Tag Archives: personal

This is different

Sunset in Kailua, photo by me

The ceramic pelican soap dispenser is in the wrong place.  When my parents lived in California, it was in the hall bathroom, along with the watercolor paintings of the central coast, and terra-cotta paint on the walls.  Now I find it at the kitchen sink, as I overlook the nascent hibiscus hedge that my mother has planted along their new house, in Hawaii.

The painting over their fireplace is right, that was over the fireplace too.  The red stools on the lanai used to be at the bar in the kitchen. The bookshelf doesn’t exist anymore that held the small “El Camino Real” bell that we have had (it seems to me) since we first moved to California in the late 70s.

The tools in the garage are still in the huge red tool cabinet, but no longer next to my father’s tool bench, or backed by the pegboard where the tools that wouldn’t fit in the cabinet went.  My mom has gotten rid of a lot of the tools, she didn’t know what some of them did, and at this point it’s coming on at least a couple of years since my father has used them.

My father has his own bed, one that we can raise and lower to help get him in and out, into his chair, which is not the one he used to sit in.  He used to sit in a leather easy chair, one of those vaguely Scandinavian looking ones with a footstool and a curved back. The chair is still there, in his room, but now my mom sits in it while she waits for him to fall asleep, while watching something soothing or occasionally football.

The chair he sits in now is a wheelchair, we have to use a lift to get him in and out of it.  We have to move him from room to room because his arms are stiff and not-strong and his legs cannot hold him up.  This is different.

My father’s voice was vigorous and for some reason I am especially remembering his sneeze.  It would thunder in from the other room, my mom would occasionally ask “Are you going to live?” at the noise.  He talked and cheered and shouted at football games. He would wear his LSU hoodie, or t-shirt.

He has three “Geaux” shirts now, Mom realized the other day.  She didn’t remember getting him a third one but there it was on the shelf, in the closet with the hanging bags that used to be in the master bedroom in California.  He wore it on Sunday, and the Tigers had the good grace to beat Georgia, but it was only my mom’s voice I heard cheering when the quarterback faked the other team out for a long run downfield, and got a touchdown on the next play.

My father’s voice now is an eerie vocalization that we can’t tell the meaning of but we can guess.  He might be worried about sudden movement, a noise that startles him. He might want a drink, or not want the medicine we are trying to give him.  He might want the music on, or want it to turn off. He might be trying to say something, but we have no idea what, and he might be frustrated at not being able to communicate anymore, my amazing vibrant vocal father, and so he makes that noise because it’s all he’s got left he can say,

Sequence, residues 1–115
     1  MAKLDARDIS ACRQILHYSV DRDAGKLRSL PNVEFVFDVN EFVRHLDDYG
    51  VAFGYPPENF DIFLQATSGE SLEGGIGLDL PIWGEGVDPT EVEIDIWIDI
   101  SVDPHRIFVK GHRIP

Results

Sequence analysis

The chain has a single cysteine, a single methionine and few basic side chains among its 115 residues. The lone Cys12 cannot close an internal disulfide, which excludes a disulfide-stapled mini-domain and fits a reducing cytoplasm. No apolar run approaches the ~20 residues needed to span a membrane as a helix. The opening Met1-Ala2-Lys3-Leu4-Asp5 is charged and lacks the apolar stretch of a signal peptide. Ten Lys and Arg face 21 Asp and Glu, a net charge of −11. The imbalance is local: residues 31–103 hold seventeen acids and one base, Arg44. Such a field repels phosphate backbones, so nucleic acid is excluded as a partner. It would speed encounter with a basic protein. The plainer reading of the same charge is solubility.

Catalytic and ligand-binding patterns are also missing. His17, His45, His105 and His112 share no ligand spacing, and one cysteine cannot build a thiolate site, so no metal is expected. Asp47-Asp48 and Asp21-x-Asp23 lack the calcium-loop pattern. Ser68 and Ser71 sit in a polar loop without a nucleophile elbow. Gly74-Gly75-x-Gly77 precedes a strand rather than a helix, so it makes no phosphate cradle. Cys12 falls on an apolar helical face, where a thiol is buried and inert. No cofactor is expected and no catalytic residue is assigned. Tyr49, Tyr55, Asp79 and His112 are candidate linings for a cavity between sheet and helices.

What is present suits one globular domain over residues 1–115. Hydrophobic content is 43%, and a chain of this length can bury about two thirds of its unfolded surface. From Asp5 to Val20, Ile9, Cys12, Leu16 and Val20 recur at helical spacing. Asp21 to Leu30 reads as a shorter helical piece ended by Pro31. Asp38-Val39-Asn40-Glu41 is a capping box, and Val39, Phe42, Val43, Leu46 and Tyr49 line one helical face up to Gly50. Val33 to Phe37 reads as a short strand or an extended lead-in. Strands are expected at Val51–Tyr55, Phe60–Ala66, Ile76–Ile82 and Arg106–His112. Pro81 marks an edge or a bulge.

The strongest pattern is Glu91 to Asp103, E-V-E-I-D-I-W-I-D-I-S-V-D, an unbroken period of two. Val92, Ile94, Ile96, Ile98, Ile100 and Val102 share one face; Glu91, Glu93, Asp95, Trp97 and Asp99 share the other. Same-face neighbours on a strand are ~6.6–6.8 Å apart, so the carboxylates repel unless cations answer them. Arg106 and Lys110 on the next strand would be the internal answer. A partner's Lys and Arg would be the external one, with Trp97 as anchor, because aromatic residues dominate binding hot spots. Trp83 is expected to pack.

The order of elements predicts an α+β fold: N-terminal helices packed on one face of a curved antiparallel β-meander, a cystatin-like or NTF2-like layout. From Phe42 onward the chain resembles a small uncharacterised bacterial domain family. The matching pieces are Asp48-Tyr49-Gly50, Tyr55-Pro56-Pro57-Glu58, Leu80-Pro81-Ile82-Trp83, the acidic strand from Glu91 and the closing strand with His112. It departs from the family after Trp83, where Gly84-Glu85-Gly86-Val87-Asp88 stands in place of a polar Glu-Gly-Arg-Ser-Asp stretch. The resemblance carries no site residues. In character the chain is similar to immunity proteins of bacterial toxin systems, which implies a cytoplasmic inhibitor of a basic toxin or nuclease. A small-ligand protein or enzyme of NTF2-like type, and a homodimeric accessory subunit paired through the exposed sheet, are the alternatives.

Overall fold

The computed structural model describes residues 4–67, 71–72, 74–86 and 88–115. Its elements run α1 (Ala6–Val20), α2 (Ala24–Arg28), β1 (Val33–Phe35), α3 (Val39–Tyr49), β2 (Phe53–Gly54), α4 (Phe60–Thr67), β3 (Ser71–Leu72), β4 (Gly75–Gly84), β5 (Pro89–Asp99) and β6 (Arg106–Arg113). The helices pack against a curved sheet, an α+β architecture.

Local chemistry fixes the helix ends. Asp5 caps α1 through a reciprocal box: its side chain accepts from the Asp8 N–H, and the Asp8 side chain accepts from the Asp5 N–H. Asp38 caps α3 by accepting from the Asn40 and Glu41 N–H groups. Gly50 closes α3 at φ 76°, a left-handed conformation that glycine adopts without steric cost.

My mother loves the ocean, and now she can drive to it within 15 minutes at the very most, but she mostly goes without Daddy these days because it’s so difficult to get him in the car (and she certainly can’t do it alone).  And she goes to the coast, or to a rain forest, or to a botanical garden, and can sometimes talk about the time she was there with him, but increasingly it’s about how it would be nice to bring him, but not being sure if it’s possible anymore.

My parents traveled together it was one of the things they did and loved, Daddy drove and Mom drove and they saw friends and relatives and scenery and always each other.  They still see each other. Daddy looks for Mom when she’s not there, he has a hard time going to sleep if she hasn’t checked on him, or isn’t sitting there while he drifts off.   And she sees him, she looks at him and holds his gaze and tells him he is okay.

One of the last times I remember Daddy said a full sentence to me, we were sitting in a UPS store, not quite two years ago.  We were working on getting some signatures on some of the documents that my parents needed so they could move, they had a window of opportunity, when they could sell their house, buy another one, and get one-way tickets to live closer to my brother and his family, before Daddy lost any more function.  I was in California to hold hands, pour wine, listen, recruit high school friends to clean out the garage, and to reassure my mom that she was not doing anything wrong, whatever she decided was just fine. We were waiting, in the UPS store, and I looked at my dad, and into his eyes. He was looking so intently at me.  I started thinking about everything I felt about him, his illness, the way we were losing him, how much I already missed him. I held his gaze, and thought about how brown his eyes are, and how my mom always said he didn’t like his brown eyes (he called her “Blue Eyes” and would smile his love to her). I wondered what he was thinking.  And then he said to me, very carefully:

“Your eyes are red.”

My eyes are red.  I miss my father. He is right here, right there in the other room in his house in Hawaii, in the the room with the photos that used to be in the house in California.  He is not drinking coffee, he is not upset at the news, he is not teasing me, he is not kissing his wife. This is different.


Fearing the worst, and hoping for the best


Myself and my parents in 1971